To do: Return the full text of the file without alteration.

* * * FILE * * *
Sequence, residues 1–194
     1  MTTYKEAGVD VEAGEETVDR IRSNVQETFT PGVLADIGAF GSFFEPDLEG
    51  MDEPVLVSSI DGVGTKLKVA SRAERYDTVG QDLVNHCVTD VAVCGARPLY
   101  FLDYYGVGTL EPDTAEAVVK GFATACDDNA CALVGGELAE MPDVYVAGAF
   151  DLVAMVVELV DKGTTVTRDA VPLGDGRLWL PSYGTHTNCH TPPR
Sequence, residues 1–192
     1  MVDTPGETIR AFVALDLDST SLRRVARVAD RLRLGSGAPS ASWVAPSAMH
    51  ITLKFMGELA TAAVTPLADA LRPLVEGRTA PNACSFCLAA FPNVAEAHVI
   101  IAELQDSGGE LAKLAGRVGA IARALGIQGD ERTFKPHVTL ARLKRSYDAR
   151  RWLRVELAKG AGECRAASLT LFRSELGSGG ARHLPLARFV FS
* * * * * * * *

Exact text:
Sequence, residues 1–194
     1  MTTYKEAGVD VEAGEETVDR IRSNVQETFT PGVLADIGAF GSFFEPDLEG
    51  MDEPVLVSSI DGVGTKLKVA SRAERYDTVG QDLVNHCVTD VAVCGARPLY
   101  FLDYYGVGTL EPDTAEAVVK GFATACDDNA CALVGGELAE MPDVYVAGAF
   151  DLVAMVVELV DKGTTVTRDA VPLGDGRLWL PSYGTHTNCH TPPR
Sequence, residues 1–192
     1  MVDTPGETIR AFVALDLDST SLRRVARVAD RLRLGSGAPS ASWVAPSAMH
    51  ITLKFMGELA TAAVTPLADA LRPLVEGRTA PNACSFCLAA FPNVAEAHVI
   101  IAELQDSGGE LAKLAGRVGA IARALGIQGD ERTFKPHVTL ARLKRSYDAR
   151  RWLRVELAKG AGECRAASLT LFRSELGSGG ARHLPLARFV FS